System placements outside of the US will continue to be lumpy as some of the OUS markets are in early stages of adoption, some markets are highly seasonal reflecting budget cycles or vacation patterns and sales into some markets are constrained by government regulations. Moving on to the remainder of the P&L. Total pro forma gross margin for the fourth quarter was 71.1% compared with 69.6% for the fourth quarter of 2015 and 73.1% for the third quarter of 2016. The pro forma gross margin for the third quarter of 2016 included 7.1 million of medical device tax refunds which benefited the third quarter gross margin by approximately 100 basis points. Excluding this impact, the decrease in gross margin relative to the third quarter reflects a higher mix of systems revenue and higher scope repair costs. Compared with the fourth quarter of 2015, the higher gross margin reflects reduced product costs and manufacturing efficiencies. Future margins will fluctuate based on the mix of our newer products, the mix of systems and instrument in accessory revenue, costs associated with our scope exchange program, our ability to further reduce product costs and improve manufacturing efficiency, and in the long term the potential reinstatement of the medical device tax.
Pro forma operating expenses increased 23% compared with the fourth quarter of 2015 and increased 14% compared with last quarter. The increases primarily reflect increased headcount, increased product development activities and investments in our OUS commercial organization. We accelerated some operating expenses into the fourth quarter in anticipation of spending growth in 2017. Our pro forma effective tax rate for the fourth quarter was 26.9% compared with an effective tax rate of 24.9% for the fourth quarter of 2015 and 22.7% last quarter. The pro forma third quarter 2016 tax rate reflected 16 million of tax benefits or $0.40 per share realized as a result of the statute of limitation expirations in various jurisdictions. The fourth quarter of 2015 tax rate reflected a full-year benefit associated with the reinstatement of the R&D tax credit, whereas R&D credit has been recognized ratably during 2016. Our tax rate will fluctuate with changes in the mix of US and OUS income and with the impact of one-time items. Our fourth quarter 2016 pro forma net income was $242 million or $6.09 per share compared with $224 million or $5.89 per share for the fourth quarter of 2015 and $246 or $6.19 per share for the third quarter of 2016. Excluding the one-time income tax and medical device tax benefits, pro forma net income for the third quarter of 2016 would have been $225 or $5.65 per share.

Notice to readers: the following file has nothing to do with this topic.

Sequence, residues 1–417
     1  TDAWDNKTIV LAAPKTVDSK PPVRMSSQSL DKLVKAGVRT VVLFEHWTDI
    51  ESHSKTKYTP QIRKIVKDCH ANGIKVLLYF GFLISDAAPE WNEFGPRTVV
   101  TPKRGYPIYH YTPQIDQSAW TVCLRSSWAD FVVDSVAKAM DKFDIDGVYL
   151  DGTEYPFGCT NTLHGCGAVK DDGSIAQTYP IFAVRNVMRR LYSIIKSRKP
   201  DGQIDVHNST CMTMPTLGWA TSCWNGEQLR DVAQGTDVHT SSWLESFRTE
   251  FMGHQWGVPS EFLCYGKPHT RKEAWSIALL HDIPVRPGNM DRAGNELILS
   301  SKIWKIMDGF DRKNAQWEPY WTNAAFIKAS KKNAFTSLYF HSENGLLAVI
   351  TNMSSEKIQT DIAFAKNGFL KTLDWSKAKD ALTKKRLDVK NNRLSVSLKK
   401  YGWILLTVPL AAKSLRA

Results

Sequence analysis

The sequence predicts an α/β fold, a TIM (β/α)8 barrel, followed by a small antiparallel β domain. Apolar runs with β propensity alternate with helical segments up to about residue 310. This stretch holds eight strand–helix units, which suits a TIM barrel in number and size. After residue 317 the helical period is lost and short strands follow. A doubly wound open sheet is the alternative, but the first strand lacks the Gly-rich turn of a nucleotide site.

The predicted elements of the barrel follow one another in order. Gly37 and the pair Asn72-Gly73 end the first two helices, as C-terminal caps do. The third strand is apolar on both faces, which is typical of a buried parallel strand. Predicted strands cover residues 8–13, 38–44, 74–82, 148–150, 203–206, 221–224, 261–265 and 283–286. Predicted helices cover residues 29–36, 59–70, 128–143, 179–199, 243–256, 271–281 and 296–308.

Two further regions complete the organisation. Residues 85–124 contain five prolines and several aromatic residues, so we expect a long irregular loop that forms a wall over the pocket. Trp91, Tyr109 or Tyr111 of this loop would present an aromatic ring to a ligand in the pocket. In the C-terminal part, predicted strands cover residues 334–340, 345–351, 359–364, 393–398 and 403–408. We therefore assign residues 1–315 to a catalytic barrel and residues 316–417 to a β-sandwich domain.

As I indicated earlier, pro forma income provides an easier comparison of our financial results and business trends. I will now summarize our GAAP results. GAAP net income was $204 million or $5.13 per share for the fourth quarter of 2016 compared with $190 million or $4.99 per share for the fourth quarter of 2015 and $211 million or $5.31 per share for the third quarter of 2016. We ended the quarter with cash and investments of 4.8 billion, up from 4.6 billion as of September 30, 2016. The increase was primarily driven by cash generated from operations and proceeds from stock option exercises. During the quarter, we repurchased 55,000 shares for $34 million. In mid-December, the Board of Directors increased the amount authorized for stock buybacks to 3 billion. Today, we entered into a $2 billion accelerated stock buyback program with Goldman Sachs. The total number of shares repurchased will be based on a negotiated discount to the volume weighted average price of the stock over the contract period which is expected to end in the fourth quarter unless terminated earlier by Goldman Sachs. Goldman is expected to deliver approximately 2.4 million shares representing the initial delivery within the next week. We will retire these shares as soon as practical thereafter. A final delivery of shares under the program if any will be delivered at the end of the contract period. Under our agreement with Goldman Sachs, we have reserved the ability to repurchase additional shares in the open market up to the Board's authorization during the accelerated stock buyback period.
And with that I'd like to turn it over to Calvin who will go over procedure and clinical highlights.
Thank you, Marshall. Our overall fourth quarter procedure growth was approximately 15% as US procedures grew approximate 13% and outside the US procedures grew approximately 23%. For the full-year 2016, global procedure growth was also 15% overall, 13% US and 24% OUS. In the United States, fourth quarter procedure trends were similar to the third quarter characterized by strong general surgery growth, continued relative strength in gynecology and modest EVP growth. Full-year 2016 US procedures totaled approximately 563,000 growing approximately 13% compared to 11% in 2015. Fourth quarter US general surgery procedure adoption remain strong led by solid growth in hernia repair and continued adoption of colorectal procedures. Hernia repair continues to contribute the largest volume of new procedures in general surgery as surgery retention and expansion remains encouraging. Full-year 2016 US general surgery procedures totaled approximately 186,000 reflecting growth of approximately 33% compared to 31% in 2015. In US gynecology, fourth quarter procedures again grew modestly year-over-year with growth led by malignant and complex benign hysterectomy. Procedures for other benign gynecologic conditions also grew modestly. Full-year 2016 US gynecology procedures totaled about 246,000, up approximately 3% compared to growth of approximately 1% in 2015.